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Proceedings Paper

Characterization of large-area pressure sensitive robot skin
Author(s): Mohammad Nasser Saadatzi; Joshua R. Baptist; Indika B. Wijayasinghe; Dan O. Popa
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Paper Abstract

Sensorized robot skin has considerable promise to enhance robots’ tactile perception of surrounding environments. For physical human-robot interaction (pHRI) or autonomous manipulation, a high spatial sensor density is required, typically driven by the skin location on the robot. In our previous study, a 4x4 flexible array of strain sensors were printed and packaged onto Kapton sheets and silicone encapsulants. In this paper, we are extending the surface area of the patch to larger arrays with up to 128 tactel elements. To address scalability, sensitivity, and calibration challenges, a novel electronic module, free of the traditional signal conditioning circuitry was created. The electronic design relies on a software-based calibration scheme using high-resolution analog-to-digital converters with internal programmable gain amplifiers. In this paper, we first show the efficacy of the proposed method with a 4x4 skin array using controlled pressure tests, and then perform procedures to evaluate each sensor’s characteristics such as dynamic force-to-strain property, repeatability, and signal-to-noise-ratio. In order to handle larger sensor surfaces, an automated force-controlled test cycle was carried out. Results demonstrate that our approach leads to reliable and efficient methods for extracting tactile models for use in future interaction with collaborative robots.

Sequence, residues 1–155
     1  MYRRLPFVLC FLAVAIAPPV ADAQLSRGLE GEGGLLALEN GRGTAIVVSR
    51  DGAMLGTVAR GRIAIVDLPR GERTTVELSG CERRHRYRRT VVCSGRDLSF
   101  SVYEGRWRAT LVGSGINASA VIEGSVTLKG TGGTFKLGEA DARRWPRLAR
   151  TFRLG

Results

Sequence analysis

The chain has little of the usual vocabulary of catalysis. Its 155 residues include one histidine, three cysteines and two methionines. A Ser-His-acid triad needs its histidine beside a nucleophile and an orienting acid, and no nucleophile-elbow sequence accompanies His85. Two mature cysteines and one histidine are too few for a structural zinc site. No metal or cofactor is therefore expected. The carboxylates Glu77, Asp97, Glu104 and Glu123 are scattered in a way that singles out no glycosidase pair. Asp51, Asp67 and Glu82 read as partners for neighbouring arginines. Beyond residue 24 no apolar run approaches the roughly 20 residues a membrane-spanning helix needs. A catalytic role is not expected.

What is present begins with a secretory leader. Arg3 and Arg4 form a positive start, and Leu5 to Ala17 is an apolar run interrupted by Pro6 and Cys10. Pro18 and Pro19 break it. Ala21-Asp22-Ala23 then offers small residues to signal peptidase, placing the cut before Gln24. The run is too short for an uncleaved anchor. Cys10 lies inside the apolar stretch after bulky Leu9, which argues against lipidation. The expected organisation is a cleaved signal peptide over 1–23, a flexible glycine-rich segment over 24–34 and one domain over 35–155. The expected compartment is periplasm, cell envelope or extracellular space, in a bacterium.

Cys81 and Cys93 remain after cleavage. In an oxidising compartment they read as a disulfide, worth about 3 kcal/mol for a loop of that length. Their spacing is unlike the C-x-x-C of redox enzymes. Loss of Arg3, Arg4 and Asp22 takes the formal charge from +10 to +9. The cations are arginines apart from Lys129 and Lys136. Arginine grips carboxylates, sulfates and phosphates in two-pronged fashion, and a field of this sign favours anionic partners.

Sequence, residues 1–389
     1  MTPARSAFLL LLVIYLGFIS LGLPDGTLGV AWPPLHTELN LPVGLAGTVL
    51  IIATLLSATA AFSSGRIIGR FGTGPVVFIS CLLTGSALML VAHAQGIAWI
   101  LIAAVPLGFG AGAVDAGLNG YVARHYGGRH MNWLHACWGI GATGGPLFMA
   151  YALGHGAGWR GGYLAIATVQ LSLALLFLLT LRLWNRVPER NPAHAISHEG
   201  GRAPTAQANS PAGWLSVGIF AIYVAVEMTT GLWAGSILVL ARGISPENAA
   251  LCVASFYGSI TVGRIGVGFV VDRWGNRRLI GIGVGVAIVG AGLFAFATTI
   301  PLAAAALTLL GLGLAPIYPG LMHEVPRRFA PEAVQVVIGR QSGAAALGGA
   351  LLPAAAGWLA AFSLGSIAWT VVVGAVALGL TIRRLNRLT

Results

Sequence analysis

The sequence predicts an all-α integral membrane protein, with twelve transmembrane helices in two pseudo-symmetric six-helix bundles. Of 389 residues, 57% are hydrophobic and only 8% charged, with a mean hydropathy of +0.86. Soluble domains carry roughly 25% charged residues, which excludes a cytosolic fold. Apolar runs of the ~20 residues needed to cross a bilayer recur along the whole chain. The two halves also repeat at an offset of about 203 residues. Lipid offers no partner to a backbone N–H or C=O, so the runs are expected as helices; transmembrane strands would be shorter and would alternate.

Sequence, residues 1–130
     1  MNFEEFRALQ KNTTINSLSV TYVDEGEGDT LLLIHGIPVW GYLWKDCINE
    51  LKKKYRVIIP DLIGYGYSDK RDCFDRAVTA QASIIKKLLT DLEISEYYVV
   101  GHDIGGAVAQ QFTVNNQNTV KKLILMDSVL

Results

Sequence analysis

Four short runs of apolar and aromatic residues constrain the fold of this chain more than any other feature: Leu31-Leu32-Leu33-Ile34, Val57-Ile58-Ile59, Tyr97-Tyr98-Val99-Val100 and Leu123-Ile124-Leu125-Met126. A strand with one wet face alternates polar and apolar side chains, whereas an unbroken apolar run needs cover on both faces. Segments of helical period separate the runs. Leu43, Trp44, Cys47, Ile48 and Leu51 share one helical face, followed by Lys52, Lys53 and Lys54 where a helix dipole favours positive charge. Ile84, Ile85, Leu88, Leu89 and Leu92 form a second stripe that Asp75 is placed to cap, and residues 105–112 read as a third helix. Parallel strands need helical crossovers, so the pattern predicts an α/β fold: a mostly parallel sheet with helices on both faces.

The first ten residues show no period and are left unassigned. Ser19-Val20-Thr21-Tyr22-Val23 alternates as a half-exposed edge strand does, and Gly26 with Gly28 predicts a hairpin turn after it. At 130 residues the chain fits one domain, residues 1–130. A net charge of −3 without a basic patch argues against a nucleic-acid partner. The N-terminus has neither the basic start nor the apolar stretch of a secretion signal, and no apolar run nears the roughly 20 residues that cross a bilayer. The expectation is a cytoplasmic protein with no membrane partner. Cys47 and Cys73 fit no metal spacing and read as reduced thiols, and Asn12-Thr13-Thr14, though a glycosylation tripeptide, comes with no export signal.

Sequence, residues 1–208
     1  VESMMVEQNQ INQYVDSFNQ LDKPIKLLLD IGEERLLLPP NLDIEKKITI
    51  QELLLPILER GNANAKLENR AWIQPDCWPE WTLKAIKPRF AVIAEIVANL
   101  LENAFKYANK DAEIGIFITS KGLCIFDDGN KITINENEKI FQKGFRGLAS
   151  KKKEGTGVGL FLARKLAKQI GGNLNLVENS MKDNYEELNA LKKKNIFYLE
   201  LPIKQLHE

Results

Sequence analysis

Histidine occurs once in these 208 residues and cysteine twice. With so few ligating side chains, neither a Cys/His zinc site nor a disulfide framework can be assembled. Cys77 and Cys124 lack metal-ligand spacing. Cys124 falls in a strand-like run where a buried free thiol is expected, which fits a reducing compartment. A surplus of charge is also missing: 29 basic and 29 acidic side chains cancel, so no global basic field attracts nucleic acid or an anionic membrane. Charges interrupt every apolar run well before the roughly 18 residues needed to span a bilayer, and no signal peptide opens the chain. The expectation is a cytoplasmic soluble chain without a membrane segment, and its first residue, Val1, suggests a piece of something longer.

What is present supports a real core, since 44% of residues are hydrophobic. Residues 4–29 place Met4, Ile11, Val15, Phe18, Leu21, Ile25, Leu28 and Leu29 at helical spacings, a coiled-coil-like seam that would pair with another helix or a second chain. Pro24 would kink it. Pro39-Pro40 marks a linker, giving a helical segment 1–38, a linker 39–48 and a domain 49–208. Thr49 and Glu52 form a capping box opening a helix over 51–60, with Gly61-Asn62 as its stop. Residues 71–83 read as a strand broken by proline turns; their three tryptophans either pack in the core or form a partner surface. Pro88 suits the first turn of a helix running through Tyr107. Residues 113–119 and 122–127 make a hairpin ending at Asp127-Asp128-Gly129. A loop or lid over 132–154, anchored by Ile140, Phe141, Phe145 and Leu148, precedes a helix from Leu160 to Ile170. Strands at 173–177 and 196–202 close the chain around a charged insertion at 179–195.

Paper Details

Date Published: 16 May 2017
PDF: 9 pages
Proc. SPIE 10216, Smart Biomedical and Physiological Sensor Technology XIV, 102160G (16 May 2017); doi: 10.1117/12.2262821
Show Author Affiliations
Mohammad Nasser Saadatzi, Univ. of Louisville (United States)
Joshua R. Baptist, Univ. of Louisville (United States)
Indika B. Wijayasinghe, Univ. of Louisville (United States)
Dan O. Popa, Univ. of Louisville (United States)


Published in SPIE Proceedings Vol. 10216:
Smart Biomedical and Physiological Sensor Technology XIV
Brian M. Cullum; Douglas Kiehl; Eric S. McLamore, Editor(s)

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